A overview on how to identify, assess and assist English learners in Colorado
Thursday, April 24th, 2014
Why Have Programs for English Learners?
In 2001, the federal government passed the No Child Left Behind (NCLB), an act which requires accountability on the assessment and instruction of English learners (Els). However, the act gives autonomy to the states to each implement their own their own programs as long as they meet basic requirements.
What does this mean for you as a teacher of Els? Your job can vary dramatically depending on where you teach. For those of you interested in teaching in Colorado, this article will serve as a brief overview to get you familiar with the required services Colorado offers Els.
Identification, Assessment and Assistance of Els in Colorado
There are steps that the federal government and the Colorado Department of Education require districts to follow when working with Els.
Step 1: Primary or Home Language Other than English (PHLOTE) Survey
During the registration process, ALL students at the school must fill out a PHLOTE survey (click here to see samples from the Colorado Department of Education). This survey will determine if the students speak a language other than English and need further assessment.
According to the Colorado Department of Education, “If any response on the home language questionnaire indicates the use of a language other than English by the student or another person in the home, further investigation must be conducted to determine the student’s English language proficiency.”
Step 2: WIDA-ACCESS Placement Tests (W-APT) and Body of Evidence (BOE)
After the school has received the PHLOTE surveys, the W-APT must be administered to all new-to-district students identified as PHLOTE, within first 30 days of school or upon the first two weeks of arrival.
The cut scores for the W-APT are:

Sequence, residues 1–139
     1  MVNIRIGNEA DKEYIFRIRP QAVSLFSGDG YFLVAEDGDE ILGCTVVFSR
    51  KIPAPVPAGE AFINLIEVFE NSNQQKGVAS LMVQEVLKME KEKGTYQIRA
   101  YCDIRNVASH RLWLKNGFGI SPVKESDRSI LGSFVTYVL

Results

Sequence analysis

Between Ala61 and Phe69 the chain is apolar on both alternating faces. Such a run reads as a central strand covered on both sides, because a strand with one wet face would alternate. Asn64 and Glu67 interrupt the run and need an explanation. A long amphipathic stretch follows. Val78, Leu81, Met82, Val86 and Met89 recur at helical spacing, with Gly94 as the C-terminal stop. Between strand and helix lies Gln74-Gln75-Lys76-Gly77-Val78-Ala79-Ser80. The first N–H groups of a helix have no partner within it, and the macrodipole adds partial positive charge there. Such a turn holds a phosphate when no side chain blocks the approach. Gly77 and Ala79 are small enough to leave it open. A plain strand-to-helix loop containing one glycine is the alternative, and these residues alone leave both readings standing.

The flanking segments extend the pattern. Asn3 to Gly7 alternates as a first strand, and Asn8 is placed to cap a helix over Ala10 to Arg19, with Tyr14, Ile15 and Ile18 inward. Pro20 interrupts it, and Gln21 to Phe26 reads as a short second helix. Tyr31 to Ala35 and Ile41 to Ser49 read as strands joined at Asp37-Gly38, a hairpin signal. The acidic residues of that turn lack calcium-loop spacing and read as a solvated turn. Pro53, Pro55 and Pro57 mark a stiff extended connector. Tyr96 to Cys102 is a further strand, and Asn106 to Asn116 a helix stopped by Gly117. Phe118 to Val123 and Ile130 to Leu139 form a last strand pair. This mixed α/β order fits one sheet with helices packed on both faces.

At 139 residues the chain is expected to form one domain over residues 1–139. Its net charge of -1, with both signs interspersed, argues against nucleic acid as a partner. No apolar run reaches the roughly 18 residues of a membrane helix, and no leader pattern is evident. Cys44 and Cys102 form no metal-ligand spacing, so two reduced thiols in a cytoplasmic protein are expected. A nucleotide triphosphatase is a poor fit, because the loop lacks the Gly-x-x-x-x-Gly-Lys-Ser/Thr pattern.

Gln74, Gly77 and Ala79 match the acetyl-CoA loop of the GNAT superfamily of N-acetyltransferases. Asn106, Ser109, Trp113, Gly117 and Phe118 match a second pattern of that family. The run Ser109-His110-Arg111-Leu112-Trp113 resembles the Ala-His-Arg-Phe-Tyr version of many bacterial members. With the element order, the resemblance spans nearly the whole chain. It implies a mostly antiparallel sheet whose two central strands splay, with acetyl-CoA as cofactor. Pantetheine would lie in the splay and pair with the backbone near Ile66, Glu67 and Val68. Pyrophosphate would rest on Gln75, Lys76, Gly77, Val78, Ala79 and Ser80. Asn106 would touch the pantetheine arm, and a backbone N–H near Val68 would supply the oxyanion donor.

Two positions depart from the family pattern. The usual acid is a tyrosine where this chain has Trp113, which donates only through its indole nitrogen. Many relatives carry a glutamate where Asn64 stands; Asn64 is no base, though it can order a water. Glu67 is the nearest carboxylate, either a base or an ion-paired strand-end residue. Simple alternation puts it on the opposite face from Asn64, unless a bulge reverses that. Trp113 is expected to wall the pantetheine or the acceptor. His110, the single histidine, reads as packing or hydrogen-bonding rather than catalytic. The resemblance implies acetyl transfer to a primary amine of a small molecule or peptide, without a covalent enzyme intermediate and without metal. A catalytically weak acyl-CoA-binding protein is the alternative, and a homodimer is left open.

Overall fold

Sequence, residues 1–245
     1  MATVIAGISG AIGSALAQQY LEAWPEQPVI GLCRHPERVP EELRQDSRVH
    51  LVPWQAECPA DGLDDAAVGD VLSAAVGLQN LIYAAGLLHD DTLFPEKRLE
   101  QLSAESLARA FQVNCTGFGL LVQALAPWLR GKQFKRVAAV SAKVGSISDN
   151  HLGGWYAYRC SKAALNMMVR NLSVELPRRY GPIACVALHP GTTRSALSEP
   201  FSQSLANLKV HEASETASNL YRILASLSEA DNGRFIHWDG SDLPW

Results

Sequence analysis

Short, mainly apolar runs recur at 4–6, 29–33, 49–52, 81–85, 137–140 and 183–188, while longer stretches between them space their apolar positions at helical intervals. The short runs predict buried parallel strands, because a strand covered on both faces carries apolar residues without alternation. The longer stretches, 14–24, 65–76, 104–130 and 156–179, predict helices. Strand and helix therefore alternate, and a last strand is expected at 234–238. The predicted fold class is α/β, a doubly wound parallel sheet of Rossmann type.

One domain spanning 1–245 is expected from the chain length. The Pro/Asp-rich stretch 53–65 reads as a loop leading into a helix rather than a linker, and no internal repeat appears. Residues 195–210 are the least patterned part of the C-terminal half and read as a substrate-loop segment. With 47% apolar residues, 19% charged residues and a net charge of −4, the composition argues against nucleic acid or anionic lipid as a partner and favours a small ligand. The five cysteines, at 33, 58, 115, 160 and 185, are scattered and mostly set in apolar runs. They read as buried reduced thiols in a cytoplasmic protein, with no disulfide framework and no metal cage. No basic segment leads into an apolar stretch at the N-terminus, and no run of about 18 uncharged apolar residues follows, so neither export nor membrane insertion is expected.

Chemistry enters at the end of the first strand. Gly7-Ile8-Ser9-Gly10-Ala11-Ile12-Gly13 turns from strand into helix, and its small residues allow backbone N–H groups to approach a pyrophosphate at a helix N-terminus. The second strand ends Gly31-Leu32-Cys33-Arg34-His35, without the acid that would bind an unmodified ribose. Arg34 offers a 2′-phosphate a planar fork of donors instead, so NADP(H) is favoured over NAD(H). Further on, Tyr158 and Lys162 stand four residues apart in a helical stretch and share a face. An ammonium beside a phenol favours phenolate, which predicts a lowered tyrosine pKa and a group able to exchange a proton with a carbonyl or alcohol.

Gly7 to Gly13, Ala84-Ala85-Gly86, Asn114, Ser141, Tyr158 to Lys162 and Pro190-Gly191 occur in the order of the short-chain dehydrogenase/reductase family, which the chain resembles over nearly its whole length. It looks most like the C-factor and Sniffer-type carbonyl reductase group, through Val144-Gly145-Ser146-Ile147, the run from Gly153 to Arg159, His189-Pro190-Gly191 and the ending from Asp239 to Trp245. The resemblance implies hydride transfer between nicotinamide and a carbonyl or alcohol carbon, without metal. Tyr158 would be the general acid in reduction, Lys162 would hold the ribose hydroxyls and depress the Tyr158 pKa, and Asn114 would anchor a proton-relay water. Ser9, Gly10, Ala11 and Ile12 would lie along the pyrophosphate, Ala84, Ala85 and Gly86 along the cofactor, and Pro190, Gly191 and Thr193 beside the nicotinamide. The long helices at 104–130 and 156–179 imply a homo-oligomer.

• Not English Proficient (NEP): < 3
• Limited English Proficiency (LEP): 3.0 to < 5.0
• May not be EL: 5 or higher, and score of 5 in each domain
In addition to the test, schools will determine the students’ proficiency levels with a BOE. The BOE must include state and district standardized test scores. It can also include student samples, assignments and teacher recommendations.
Step 3: Program Placement
In contrast to other states, there are a variety of El programs the school districts may use in Colorado to assist Els. In Colorado, districts can use bilingual, sheltered instruction (that only instructs in English, pull out, co-teacher, language development and transitional programs programs.
Before a student can be placed in a program, the district must notify the student’s parents or legal guardians in writing. The notification must be written in the parent or guardian's first language and received within the first 30 days of the start of the school year, or the first two weeks that the student has been in the district.
The notification must include the following information:
- The reasons for identifying the child in need of English language instruction.
- The child’s level of English proficiency, how such level was assessed and the status of the child’s academic achievement.
- How the English language instruction program specifically will help the child acquire English and meet age appropriate standards for grade promotion and graduation.
- The specific exit criteria for the program.
- The expected rate of transition from the program into a classroom that is not tailored for LEP children.
- The expected graduation rate for children in the program in secondary schools.
As mentioned earlier, Colorado gives schools and districts the unique freedom to select a program for their students that best fits the schools’ population and needs. However, it is essential that regardless of the program, the students are taught using the Colorado English Language Proficiency Standards (CELP) and the Colorado Assessment Standards (CAS) which are aligned to the Common Core Standards. In addition to using these standards throughout the year, the school must monitor and assess the students. Also, the school must communicate with the teachers and parents of the Els.
Step 4: Follow up Assessment
Each year, Els must take the ACCESS test. This test is aligned to the well known and research based WIDA standards. The ACCESS test determines student growth and school accountability. Districts administer this test in April and receive the results in July of each year.
Below is an accountability chart the Colorado Department of Education uses to determine the effectiveness of a school's Els program.
If a district does not “meet” or “exceed” in student growth, the following consequences occur:
- A letter must be sent out to all the parents of Els to inform them that the school did not meet adequate growth within 30 days of receiving scores.
- If the school or district fails to meet adequate growth for two years, the school must develop an improvement plan.
- If the school or district fails to meet adequate growth for four years, the state can intervene and take additional action.